Akiba's Trip is a series of Beat 'em Up Action RPGs developed by Acquire Corp, known for its three-way combination between geek culture, Urban Fantasy, and brawlers. Set in the tech and hobby capital Akihabara, the basic plot follows humans as they fight off dangers to the town, including store riots, ornery thugs, energy consuming vampires, the city's dark unconsious...
Your player character, a run-of-the-mill otaku caught in the middle of supernatural happenings, is imbued with power and must fight off the enemies of the game before they wreak havoc on the entire town. And you typically do this by stripping them of the will to fight. Literally. Without the clothes on their backs, they're exposed to enough energy to turn them into dust, but since you've got the same powers as them, you're just as toast as they are if you show enough skin.
Titles in the series include:
- Akiba’s Trip: Hellbound & Debriefed (2011, PlayStation Portable)
- Akiba's Trip Plus (2012, PlayStation Portable; remake of Hellbound & Debriefed)
- Akiba's Trip for Gree (2012, Android/iOS; port of Hellbound & Debriefed)
- Akiba's Trip: Undead and Undressed (2013, PlayStation Portable, PlayStation 3, PlayStation Vita, PC, and PlayStation 4)
- Akiba's Beat (2016, PlayStation Vita and PlayStation 4)
- Akiba's Trip 2+A (2017, PlayStation 4; a rerelease of Undead & Undressed with content from The Animation)
Manga adaptations in the series include:
- Akiba's Trip (2012, written by Kenji Mizuta)
- Akiba's Trip 2 (2014, written by Rei Kusakabe)
- Akiba's Beat! (2016, written by Choboraunyopomi; yonkoma spinoff)
Anime in the series include:
Tropes present throughout the series:
- Bland-Name Product: Twitter appears in Strip as "Pitter" and Beat as "Quipper", though the latter seems to also have some resemblances to Instagram or TikTok.
- Combat Pragmatist: Sure, stripping their clothes off is useful when fighting vampires, but the player character also does it to normal humans in order to humiliate them enough into running away. Just don't attempt this on non vampire females... Just. Don't.
- Double-Meaning Title: Obviously; a trip through Akiba + stripping down enemies to defeat them. Beat is a little harder to figure out without knowing the mechanics: "walking a beat" as you're investigating delusions + a rhythmic beat as your primary weapons are basically music players and you get in-universe Theme Song Power Up music for fights.
- Emotion Eater: Vampires are able to suck out the energy in humans, leaving them lethargic husks that never want to leave their room. They tend to pick otaku as easy targets since the public expects them to wind up Hikikomori.
- Delusions in Beat only exist as long as the deluser still believes in them. Only once a deluser is about to experience anxiety or a mental break does a way to dispel the delusion become apparent.
- Fanservice: What did you expect from a game about stripping? Most of it comes from the Male Gaze when girls get stripped to their underwear, but there are a few bones thrown for the ladies in Undead & Undressed.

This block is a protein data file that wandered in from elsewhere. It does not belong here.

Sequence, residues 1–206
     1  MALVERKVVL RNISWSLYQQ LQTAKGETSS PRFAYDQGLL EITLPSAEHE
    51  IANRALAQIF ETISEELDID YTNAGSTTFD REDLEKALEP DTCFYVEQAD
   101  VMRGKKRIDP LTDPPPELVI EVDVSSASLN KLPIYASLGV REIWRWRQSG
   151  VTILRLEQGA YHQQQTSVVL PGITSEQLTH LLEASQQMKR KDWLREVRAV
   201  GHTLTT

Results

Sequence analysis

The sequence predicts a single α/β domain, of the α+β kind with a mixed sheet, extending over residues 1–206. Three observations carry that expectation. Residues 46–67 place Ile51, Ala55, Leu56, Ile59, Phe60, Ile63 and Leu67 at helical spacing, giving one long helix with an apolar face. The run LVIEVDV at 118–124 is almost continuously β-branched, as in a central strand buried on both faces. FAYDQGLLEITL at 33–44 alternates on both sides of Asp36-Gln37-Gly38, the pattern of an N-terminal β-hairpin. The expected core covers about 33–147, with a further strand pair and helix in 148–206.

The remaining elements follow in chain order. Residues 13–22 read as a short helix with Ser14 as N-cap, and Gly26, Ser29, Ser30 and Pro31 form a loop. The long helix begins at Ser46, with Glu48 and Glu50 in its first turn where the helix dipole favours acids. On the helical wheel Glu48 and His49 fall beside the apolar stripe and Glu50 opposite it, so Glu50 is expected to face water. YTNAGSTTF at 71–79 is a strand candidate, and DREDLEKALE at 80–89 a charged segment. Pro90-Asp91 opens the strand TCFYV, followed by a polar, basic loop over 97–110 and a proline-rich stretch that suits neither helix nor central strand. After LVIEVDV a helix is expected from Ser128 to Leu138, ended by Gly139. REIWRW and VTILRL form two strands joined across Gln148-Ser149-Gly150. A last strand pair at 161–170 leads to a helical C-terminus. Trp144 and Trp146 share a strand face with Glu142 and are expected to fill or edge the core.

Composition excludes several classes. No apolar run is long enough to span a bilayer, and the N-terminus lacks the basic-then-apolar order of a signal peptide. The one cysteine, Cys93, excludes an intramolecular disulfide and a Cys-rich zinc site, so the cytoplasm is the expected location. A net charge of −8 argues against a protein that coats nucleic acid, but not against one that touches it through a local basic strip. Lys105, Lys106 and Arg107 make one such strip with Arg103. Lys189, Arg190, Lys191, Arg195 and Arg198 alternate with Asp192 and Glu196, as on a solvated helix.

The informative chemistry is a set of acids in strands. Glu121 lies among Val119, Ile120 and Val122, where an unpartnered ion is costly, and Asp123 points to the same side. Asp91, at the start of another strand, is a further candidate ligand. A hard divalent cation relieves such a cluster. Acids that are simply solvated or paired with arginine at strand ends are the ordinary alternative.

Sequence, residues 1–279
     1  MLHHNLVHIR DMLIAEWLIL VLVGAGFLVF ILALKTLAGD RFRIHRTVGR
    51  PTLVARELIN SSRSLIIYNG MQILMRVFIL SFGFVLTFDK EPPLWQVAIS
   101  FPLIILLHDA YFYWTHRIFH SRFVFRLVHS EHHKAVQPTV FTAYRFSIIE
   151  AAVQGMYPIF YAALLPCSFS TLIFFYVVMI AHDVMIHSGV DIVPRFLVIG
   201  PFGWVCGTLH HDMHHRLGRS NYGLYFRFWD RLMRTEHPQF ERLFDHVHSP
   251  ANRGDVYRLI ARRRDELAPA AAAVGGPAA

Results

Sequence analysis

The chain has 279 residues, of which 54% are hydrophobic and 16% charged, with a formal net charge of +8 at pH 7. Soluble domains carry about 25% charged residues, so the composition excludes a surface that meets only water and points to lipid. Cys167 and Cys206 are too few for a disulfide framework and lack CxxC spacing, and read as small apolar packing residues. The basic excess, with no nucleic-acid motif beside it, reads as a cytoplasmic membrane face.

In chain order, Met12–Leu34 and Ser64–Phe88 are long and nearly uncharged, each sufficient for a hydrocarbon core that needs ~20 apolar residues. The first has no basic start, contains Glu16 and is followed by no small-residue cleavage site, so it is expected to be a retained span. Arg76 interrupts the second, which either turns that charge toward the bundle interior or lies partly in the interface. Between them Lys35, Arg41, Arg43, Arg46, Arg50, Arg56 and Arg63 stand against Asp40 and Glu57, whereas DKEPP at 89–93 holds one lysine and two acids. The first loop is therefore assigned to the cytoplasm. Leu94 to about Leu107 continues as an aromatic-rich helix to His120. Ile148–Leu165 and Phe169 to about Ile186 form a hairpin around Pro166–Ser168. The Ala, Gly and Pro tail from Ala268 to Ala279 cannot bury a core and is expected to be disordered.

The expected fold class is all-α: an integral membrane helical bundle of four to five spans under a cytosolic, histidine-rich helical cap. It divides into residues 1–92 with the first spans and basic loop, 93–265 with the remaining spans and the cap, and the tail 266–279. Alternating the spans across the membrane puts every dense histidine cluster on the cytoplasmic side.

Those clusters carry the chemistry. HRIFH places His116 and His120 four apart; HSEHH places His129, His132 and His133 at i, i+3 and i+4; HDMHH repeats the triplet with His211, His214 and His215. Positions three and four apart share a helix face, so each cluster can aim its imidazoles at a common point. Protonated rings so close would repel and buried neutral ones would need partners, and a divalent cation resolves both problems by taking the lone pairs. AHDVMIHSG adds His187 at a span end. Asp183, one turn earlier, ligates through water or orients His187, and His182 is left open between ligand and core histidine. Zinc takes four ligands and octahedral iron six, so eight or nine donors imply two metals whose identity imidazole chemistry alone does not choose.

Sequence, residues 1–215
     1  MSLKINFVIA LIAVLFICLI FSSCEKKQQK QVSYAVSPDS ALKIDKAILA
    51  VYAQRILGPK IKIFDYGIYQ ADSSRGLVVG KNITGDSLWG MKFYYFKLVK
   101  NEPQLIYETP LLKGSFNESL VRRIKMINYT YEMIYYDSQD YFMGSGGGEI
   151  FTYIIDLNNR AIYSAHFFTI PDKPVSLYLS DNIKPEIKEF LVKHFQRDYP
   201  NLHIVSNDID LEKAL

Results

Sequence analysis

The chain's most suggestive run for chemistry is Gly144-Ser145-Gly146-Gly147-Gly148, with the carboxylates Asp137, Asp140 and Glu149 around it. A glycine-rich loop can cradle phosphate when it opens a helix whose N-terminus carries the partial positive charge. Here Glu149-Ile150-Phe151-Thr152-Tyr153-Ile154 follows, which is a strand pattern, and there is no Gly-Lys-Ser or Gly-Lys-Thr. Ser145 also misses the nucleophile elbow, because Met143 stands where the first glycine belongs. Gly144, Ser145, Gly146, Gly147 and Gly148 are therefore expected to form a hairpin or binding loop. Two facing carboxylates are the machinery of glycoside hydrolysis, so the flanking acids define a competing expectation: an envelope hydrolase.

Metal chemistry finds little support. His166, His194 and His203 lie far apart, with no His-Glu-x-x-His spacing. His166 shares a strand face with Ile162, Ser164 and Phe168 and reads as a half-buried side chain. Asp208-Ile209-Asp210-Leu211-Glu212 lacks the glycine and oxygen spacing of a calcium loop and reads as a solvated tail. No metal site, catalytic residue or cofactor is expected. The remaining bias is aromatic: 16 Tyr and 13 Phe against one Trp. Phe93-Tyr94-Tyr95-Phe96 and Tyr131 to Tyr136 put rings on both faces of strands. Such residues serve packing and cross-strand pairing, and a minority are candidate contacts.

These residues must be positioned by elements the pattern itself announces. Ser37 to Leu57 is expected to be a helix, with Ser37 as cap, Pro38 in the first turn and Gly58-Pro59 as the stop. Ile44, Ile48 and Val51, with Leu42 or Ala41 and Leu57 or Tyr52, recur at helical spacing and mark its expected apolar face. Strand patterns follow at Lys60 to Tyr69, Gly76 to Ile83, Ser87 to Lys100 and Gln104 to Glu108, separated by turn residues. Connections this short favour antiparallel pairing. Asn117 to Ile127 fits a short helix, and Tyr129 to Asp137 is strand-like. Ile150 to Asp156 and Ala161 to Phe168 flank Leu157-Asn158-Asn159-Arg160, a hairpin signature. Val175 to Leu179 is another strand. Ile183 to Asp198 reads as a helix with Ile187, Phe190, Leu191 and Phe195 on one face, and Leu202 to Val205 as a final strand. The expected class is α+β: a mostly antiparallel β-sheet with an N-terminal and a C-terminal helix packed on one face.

- Intentionally Awkward Title: An invocation of The Problem with Pen Island in the logo and the series' spelling in Katakana (アキバズトリップ) is pretty much guaranteed to make you say "Akiba Strip" .
- Otaku: All kinds of otaku are represented in the series, befitting a franchise taking place in Tokyo's geek culture mecca.
- Our Vampires Are Different: Sensitive to light they may be, but the vampires of Akiba's Trip need most of their body exposed to the sun before they can turn to ash.
- Later-Installment Weirdness: Unlike the other entries, Beat involves taking down demon-like entities with no strip combat present at all.
- Lighter and Softer: Played with. Beat has an underlying plot that's as dark as the rest of the series, but doesn't have any of the strip mechanics and tends to poke a little more fun at itself and its primary protagonists.
- Product Placement: The games and brands represented in the game are all real, often including ads for franchises that really were advertised in Akihabara at the time. The game also has legit flyers from that time for business in Akihabara
- Satire: When it all comes down to it, the franchise is about stopping forces from corrupting the youth into shut-ins and blaming their transformation on geeky hobbies.
- Beat is about fighting literal manifestations of the dark side of otakudom.
- Takes One to Kill One: The only way the protagonists stand a chance against the vampires is by getting turned into one, since normal humans can't fight on equal footing.
- Thematic Series: While the games are disconnected from each other, they all follow the basic premise of Akihabara culture clashing with paranormal trouble.
- Urban Fantasy: Classic demon slaying and vampire hunting action meshes with contemporary pop culture and the youth that consumes it.